Argument # 8: There is no evidence for any paranormal or psychic phenomena.
PseudoSkeptics are always saying, "There's no evidence for any paranormal or psychic phenomena" no matter how much evidence is shown to them. That's because this statement is a religion to them, not an objective statement. So no matter what evidence you give them, they will always deny it and raise the bar, simply because "there is no evidence" is a fixed belief to them.
So, if you give them stories and experiences, even from credible sources, they will reject it as "anecdotal" and inadmissible as evidence. If you give them scientific studies that show positive results for psi, they will argue that those studies did not have proper controls (since, if they did, they'd only get chance results, so their fixed logic goes). And they will argue that the studies must be replicable. Then when you show them replicated studies (e.g. Ganzfeld), they will raise the bar again and argue it was not replicated enough times (until a debunker disproves it is what they mean), ad infinitum. So no matter how many stories or replicable research studies you cite, it's NEVER enough. There is no clear bar to meet to qualify as "real evidence" to them, because essentially, there is NO EVIDENCE in their mind, thus there is no real criteria to be met. That gives them the license to deny ad infinitum. It's like playing a shady game of three shells with a con artist. You can never win because the conclusion has already been decided from the get go. That's what makes these Pseudoskeptics dishonest and not what they claim at all.
But the reality is that for some common paranormal phenomenon such as ESP, there is plenty of long standing evidence of both types - anecdotal and scientific. Controlled scientific experiments have yielded positive results for ESP for many years. From the 1930's with JB Rhine, to the current day with Dr. Charles Tart, Dr. Gary Schwartz, Rupert Sheldrake, and many other scientists, positive and consistent results for psi have been found to exist far above chance under controlled conditions. And series of psi experiments that have been replicated for decades known as The Ganzfeld Experiments, Autoganzfeld Experiments and PEAR (Princeton Engineering Anomalies Research) have yielded statistically significant and consistent results above chance as well.
In addition, the anecdotal and experiential evidence is overwhelming. Studies show that at least half the population of the world has had paranormal experiences, and according to the National Science Foundation, "60% of American either AGREE or STRONGLY AGREE that some people either possess psychic abilities or extrasensory perception". That's A LOT, no doubt. Common sense would tell you that if half the people in the world have experienced something, then it's pretty much certain that there's something to it other than fraud, misperception and fantasy, especially since a good number of these experiencers include credible down-to-earth people as well. Likewise, large percentage of people of all types from all walks of life have experienced ghosts too.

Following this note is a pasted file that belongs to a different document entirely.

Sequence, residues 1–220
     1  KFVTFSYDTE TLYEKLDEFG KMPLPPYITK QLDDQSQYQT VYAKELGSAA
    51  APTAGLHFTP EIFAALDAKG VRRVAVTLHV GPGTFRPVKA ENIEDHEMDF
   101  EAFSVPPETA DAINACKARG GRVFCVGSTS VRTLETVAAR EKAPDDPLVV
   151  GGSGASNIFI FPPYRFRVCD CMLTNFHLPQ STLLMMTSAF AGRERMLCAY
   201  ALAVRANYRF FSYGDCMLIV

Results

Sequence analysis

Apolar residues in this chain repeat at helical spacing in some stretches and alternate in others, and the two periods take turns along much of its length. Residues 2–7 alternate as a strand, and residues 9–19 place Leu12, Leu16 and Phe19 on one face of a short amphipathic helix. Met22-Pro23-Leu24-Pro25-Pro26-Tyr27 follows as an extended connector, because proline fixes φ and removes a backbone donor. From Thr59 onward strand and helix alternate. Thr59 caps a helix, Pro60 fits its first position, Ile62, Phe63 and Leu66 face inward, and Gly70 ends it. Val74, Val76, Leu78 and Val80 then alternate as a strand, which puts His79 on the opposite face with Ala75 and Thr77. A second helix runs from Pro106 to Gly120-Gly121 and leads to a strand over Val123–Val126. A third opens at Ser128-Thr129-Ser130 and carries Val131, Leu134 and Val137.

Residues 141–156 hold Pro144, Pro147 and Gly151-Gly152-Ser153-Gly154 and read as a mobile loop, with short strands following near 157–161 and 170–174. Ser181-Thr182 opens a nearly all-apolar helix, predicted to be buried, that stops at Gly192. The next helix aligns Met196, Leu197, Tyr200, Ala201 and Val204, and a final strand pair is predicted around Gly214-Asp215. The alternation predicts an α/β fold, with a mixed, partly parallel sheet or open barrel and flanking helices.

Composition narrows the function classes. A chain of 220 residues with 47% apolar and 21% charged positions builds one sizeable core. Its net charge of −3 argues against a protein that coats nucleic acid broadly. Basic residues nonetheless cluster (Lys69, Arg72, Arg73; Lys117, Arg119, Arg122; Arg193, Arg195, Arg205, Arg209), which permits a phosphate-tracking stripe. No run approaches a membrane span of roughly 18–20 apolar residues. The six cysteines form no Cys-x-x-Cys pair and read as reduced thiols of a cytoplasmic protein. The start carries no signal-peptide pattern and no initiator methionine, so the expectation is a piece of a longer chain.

So you see, the evidence for such common paranormal phenomena is huge. As Parapsychologist Author Dean Radin has said, the evidence for psi is so solid and robust that if the same quality of evidence existed for something non-paranormal, it would definitely have been accepted as proven. But because the paranormal is considered taboo in the scientific establishment, there is a sort of censorship and knowledge filtration toward it. There is an automatic negative stigma and bias toward it that assumes that only crackpots believe in such things. So any scientist who openly supports the legitimacy of paranormal phenomena seriously jeopardizes their career and image among their colleagues. Thus, most scientists who believe in some paranormal phenomena will not declare it publicly, but become close enthusiasts. Mr. Radin discovered this, as many scientists confided in him their secret unofficial interest and belief that some of the paranormal is real.
regard to UFO's
there is plenty of evidence for them, albeit not proof.
UFO photos and videos are
vague of course, but many credible eyewitnesses, including Air Force
Astronauts, have seen them.
been tracked on radar doing aerial maneuvers that man-made aircraft
(And as you know,
not appear on radar.)
In one famous
official incident known as the Washington
Merry Go Round Incident of 1952,
jet fighters were scrambled to
UFO's after they had been tracked on radar.
Afterward, to quell public
panic, the incident was quickly
though never fully explained.
significant happened to trigger the
scrambling of fighters, and it wasn't "zero evidence" for sure. But
if you think that UFO evidence is strictly confined to obscure
Incident that occurred on an
American military base in
Nevertheless, pseudoskeptics who claim to only want evidence continue to declare that "there is no evidence" when they get plenty of it from credible sources. Obviously, they are in a state of perpetual denial and cognitive dissonance. They deny and filter out anything that doesn't fit into their materialistic reductionistic view of reality, especially anything that has to do with paranormal or conspiracies, no matter what evidence is presented, even if its documented and scientific. One thing they are they not open to is possibilities. Any possibility that challenges the views of the establishment is simply not possible to them, even if the claims of the establishment itself are not scientific or contradicted by facts. It doesn't even have to be paranormal, it can be ANYTHING that opposes the official version of events, including conspiracies and lies by corrupt government officials or even the existence of shadow governments (which were acknowledged to exist in the 80's with the Iran Contra Scandal). Thus, their bias and blind faith in authority as dogma is revealed.